A Biblical Theology of Light: Darkness

lightFrom childhood we learn to associate evil with darkness. The monsters under the bed only come out when the lights go out, and the bad guys on our cartoons wear black – making it easy to discern their villainous nature. In the Bible darkness is associated with sin, a certain kind of moral and personal evil within us all. This language of darkness helps us to see more clearly the blinding power of sin.

The Scriptures depict those who apart from God as those who love darkness. So the apostle John writes:

19 And this is the judgment: the light has come into the world, and people loved the darkness rather than the light because their works were evil. 20 For everyone who does wicked things hates the light and does not come to the light, lest his works should be exposed. (John 3:19-20)

Men rejected Christ, John says, because they loved darkness. They loved darkness, he adds, because their deeds were wicked. Sin is a love of the darkness. But the New Testament says more than just sin is loving darkness.

Living in sin is walking in darkness.1 John 1:6 and 2:9-11 communicate this clearly. We read:

If we say we have fellowship with him while we walk in darkness, we lie and do not practice the truth. (1 John 1:6)

 Whoever says he is in the light and hates his brother is still in darkness. 10 Whoever loves his brother abides in the light, and in him there is no cause for stumbling. 11 But whoever hates his brother is in the darkness and walks in the darkness, and does not know where he is going, because the darkness has blinded his eyes. (1 John 2:9-11)

We could look also at passages like John 12:40 and even Isaiah 6:9-10 in the Old Testament. To live in sin is to walk in darkness. 1 John 2:9-11 highlights a related point about walking in darkness, the reality of blindness.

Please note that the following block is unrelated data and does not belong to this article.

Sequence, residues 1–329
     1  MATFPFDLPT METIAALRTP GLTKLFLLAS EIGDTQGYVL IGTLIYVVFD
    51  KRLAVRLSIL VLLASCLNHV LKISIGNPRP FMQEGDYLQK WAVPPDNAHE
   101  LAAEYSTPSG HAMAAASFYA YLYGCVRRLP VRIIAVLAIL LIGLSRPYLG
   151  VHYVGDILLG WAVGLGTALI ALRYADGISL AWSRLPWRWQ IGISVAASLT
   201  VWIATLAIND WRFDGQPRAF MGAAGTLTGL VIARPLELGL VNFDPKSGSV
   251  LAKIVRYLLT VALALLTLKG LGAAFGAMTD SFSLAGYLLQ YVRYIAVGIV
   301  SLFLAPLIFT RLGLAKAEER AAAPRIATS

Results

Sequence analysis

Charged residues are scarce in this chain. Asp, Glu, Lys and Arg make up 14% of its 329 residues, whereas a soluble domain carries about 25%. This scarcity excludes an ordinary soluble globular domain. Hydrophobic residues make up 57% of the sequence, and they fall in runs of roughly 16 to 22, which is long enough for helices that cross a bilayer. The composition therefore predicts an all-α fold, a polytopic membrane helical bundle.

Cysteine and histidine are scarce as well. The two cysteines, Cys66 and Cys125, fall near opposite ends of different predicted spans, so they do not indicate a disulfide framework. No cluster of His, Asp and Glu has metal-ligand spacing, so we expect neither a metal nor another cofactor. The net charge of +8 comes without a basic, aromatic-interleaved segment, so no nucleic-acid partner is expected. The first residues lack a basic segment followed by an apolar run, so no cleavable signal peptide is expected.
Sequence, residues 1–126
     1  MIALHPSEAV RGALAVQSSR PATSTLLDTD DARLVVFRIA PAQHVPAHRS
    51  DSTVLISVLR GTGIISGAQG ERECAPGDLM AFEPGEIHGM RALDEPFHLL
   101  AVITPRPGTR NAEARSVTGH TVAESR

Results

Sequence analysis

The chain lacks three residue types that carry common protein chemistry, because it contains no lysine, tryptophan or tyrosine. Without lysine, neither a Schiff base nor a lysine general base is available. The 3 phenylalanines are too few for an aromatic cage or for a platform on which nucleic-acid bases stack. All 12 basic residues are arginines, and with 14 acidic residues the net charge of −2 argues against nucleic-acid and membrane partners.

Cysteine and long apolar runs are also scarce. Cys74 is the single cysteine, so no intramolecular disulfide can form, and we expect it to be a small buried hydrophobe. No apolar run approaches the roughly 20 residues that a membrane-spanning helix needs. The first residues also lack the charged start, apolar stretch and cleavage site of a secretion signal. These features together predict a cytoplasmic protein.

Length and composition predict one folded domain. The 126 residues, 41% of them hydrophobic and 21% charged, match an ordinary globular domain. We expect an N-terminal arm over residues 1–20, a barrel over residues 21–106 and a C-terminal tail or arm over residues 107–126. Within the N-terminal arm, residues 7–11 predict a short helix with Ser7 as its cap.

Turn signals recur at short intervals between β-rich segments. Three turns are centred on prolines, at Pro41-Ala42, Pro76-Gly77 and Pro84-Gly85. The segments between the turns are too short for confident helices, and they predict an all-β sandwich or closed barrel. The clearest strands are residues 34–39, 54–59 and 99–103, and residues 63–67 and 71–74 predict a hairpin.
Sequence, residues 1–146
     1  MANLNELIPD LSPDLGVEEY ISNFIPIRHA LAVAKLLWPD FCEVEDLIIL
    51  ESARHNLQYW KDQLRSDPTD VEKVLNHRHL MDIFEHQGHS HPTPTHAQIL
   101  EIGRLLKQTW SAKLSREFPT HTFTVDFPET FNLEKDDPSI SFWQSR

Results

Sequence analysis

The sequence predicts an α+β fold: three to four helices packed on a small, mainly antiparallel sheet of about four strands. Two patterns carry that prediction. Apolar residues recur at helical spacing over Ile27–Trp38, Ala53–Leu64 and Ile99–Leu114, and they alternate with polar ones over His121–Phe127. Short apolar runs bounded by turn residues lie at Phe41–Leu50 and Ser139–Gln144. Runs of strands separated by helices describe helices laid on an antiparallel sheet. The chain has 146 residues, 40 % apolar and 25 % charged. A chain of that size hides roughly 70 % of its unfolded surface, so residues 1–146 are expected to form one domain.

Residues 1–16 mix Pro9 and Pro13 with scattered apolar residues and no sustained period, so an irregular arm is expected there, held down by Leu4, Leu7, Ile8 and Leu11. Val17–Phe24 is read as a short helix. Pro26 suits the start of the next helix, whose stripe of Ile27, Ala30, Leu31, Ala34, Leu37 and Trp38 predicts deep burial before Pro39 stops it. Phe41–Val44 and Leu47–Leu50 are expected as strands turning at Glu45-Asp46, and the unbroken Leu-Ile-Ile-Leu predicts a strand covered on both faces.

You probably know the experience of walking in the dark. Groping for some tangible landmark to indicate where you are in your living room. Often that landmark comes in the form of a LEGO, underfoot. Walking in darkness is to be functionally blind, unable to see your hand in front of your face, unable to navigate your way clearly. Sin blinds us. The apostle Paul speaks of it even more pointedly when he says the “god of this world has blinded the minds” of unbelievers (2 Corinthians 4:4). We are so blinded apart from God that we cannot see “the light of the gospel of the glory of Christ, who is the image of God.” Sin is darkness. Living in sin is walking spiritually blind.

Such news ought to unsettle us. The Biblical theological picture of sin is one that challenges our notions of self-illumination. We cannot make ourselves to see. We cannot change our darkness to light. Many of us know the blinding power of sin by experience. We have ourselves experienced how a “love of the darkness” makes us to do stupid things, to harm others, to wreck plans, to do that which we would not want to do. In the words of my pastor, “sin makes people stupid.” What we know to be wrong is what we choose to do. Though we often know the truth, however, we refuse to submit to it (Rom. 1:18). We cannot change our state on our own. Instead the Scriptures teach that it is God who must make His light to shine upon us; and that is what happens in the narrative of Scripture (Isa. 60:1-2; Psalm 118:27). The prophet Isaiah declared that light would come from beyond God’s people to awaken them from their darkness. He says:

The people who walked in darkness have seen a great light; those who dwelt in a land of deep darkness, on them has light shone. (Isa. 9:2)

We cannot find the light apart from God, but thanks be to God that He has not left us to grope in darkness. Light has dawned in the person and work of Jesus Christ. Justin Holcomb beautifully summarizes this point when he writes:

The light of the world has entered into our world’s darkness in order to punch holes in it and bring those who dwell in darkness into the dawn of his grace and truth. None of this would be possible apart from Christ’s incarnation. (On the Grace of God, 67)

The incarnation of the Son of God was a strike at the darkness, a blow to its rule and dominion over the cursed world. Jesus is the light of the world and He has shown on those who once walked in darkness to bring them into the light. Jesus is light, apart from Him we all walk in darkness.

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